Minneapolis Will Tap City Budget to Pay Record Floyd Settlement
(Bloomberg) -- Minneapolis will have to look beyond its insurance fund to pay out the $27 million settlement to George Floyd’s family over his killing by police last year.
The settlement, one of the largest pre-trial payments for police misconduct ever, will come in part from the city’s general fund, according to a city spokesperson. The official said Minneapolis collected more revenue than expected in 2019 and planned to use the excess to prepare for budget shortfalls and these liabilities. Minneapolis also uses a self-insurance pool, which municipal agencies pay into, to finance workers compensation, accrued sick leave benefits and lawsuits against the city.
For fiscal 2021, the city budgeted $9.2 million for liability claims, more than four times the amount set aside for last year. Still, that amount won’t be enough to cover the cost of the civil litigation. Minneapolis already spends roughly a third of its general fund budget on policing, despite cutting nearly $30 million in the wake of protests against police brutality sparked by Floyd’s death.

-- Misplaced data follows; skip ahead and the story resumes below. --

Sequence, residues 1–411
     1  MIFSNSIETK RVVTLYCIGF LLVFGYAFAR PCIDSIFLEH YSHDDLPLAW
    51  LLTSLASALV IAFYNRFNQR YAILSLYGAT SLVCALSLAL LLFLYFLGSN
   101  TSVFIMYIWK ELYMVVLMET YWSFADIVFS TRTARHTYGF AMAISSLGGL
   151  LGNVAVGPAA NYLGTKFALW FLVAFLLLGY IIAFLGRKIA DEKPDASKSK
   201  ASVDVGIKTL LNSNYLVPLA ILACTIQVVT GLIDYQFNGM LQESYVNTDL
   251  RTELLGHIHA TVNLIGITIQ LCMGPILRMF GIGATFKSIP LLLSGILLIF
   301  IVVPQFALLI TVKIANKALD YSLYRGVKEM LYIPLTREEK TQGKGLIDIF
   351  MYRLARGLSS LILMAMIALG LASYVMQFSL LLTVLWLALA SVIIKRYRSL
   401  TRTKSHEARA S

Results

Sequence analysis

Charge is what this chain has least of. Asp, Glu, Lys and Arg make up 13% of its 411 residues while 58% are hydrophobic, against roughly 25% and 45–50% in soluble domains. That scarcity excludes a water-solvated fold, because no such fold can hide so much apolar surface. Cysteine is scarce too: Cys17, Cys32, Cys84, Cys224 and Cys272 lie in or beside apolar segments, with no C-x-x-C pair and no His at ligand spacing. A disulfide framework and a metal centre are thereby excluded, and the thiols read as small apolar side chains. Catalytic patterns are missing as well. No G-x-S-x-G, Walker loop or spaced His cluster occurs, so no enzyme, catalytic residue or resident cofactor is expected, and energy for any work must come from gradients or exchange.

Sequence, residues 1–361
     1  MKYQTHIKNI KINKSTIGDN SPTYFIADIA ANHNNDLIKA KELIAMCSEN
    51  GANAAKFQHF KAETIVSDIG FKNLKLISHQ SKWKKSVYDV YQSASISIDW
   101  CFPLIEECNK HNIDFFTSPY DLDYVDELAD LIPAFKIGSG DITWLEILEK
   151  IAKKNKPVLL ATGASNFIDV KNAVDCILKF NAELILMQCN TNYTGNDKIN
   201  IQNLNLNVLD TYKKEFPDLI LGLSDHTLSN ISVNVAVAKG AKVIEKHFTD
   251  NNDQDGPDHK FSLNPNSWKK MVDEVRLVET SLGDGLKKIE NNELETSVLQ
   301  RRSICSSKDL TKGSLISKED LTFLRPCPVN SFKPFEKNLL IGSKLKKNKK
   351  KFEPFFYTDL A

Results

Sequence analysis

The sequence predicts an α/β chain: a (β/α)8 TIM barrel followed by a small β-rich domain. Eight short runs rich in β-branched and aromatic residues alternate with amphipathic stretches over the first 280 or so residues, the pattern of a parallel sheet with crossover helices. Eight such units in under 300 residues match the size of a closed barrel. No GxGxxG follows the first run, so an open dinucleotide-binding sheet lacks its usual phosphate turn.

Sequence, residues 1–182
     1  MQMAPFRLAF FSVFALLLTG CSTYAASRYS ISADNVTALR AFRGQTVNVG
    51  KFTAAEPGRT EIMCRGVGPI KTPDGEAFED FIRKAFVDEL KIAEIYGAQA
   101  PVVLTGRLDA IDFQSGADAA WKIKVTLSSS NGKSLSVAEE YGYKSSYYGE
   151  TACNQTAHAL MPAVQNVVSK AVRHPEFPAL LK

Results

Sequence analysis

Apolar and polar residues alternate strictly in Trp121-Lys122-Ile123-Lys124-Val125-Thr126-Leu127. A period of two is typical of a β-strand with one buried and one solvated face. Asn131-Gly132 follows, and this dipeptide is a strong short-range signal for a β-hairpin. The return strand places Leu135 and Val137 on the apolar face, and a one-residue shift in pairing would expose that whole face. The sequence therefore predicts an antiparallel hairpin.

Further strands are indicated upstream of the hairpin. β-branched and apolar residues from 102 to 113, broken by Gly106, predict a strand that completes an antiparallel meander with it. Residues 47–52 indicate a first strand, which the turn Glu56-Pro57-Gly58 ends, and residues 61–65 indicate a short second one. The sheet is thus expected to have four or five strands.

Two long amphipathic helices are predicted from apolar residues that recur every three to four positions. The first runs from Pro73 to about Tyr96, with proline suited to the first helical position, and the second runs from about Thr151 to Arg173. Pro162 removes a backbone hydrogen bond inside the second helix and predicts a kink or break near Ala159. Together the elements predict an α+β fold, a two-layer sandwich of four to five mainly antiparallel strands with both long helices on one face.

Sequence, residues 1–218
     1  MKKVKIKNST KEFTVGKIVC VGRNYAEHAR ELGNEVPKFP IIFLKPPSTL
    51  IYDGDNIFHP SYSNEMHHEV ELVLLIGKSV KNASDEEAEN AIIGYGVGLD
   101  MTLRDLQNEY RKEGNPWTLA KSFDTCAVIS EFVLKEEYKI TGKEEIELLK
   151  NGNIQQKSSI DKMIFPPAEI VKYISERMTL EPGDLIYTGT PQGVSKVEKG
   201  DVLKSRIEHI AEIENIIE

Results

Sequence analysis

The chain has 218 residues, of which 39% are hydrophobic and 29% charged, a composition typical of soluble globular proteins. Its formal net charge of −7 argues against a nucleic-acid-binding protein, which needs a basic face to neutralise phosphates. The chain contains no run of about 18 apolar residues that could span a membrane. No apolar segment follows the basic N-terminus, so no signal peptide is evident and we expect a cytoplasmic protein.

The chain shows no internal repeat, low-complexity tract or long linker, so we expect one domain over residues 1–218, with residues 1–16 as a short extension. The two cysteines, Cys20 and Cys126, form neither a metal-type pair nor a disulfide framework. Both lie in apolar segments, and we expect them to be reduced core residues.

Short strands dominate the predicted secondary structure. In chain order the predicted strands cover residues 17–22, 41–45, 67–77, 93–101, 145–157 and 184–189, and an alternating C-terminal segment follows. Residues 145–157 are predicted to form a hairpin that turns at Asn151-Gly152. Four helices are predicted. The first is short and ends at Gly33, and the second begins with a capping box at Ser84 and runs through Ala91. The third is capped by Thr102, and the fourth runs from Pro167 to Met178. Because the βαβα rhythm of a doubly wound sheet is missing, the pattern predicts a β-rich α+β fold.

Typically, higher profile police misconduct cases settle for $5 million or $6 million, said John Rappaport, a professor at the University of Chicago Law School. In this case, the video, egregious nature of former officer Derek Chauvin’s conduct and increased scrutiny likely motivated the pay-out agreement.
“The city is gaining something for not showing up in court,” Rappaport said. “It’s worth a lot to the city to not litigate the case.”
The payment to Floyd’s family marks the latest settlement of a high-profile police brutality case, and it comes just days into the proceedings for Chauvin’s murder trial. Breonna Taylor’s family settled with Louisville, Kentucky for $12 million in September, while also notching promised reforms to police policy.
In 2019, Minneapolis paid $20 million to the family of Justine Ruszczyk Damond, an unarmed White woman who was killed by police. That settlement was previously the largest paid by the city, and led to concerns about higher property taxes.
Cities are also facing suits from those brutalized during the police response to protests that came in the aftermath of Floyd and Taylor’s deaths.
“All of us can’t lose sight of the fact that the public is paying for this,” Rappaport said.
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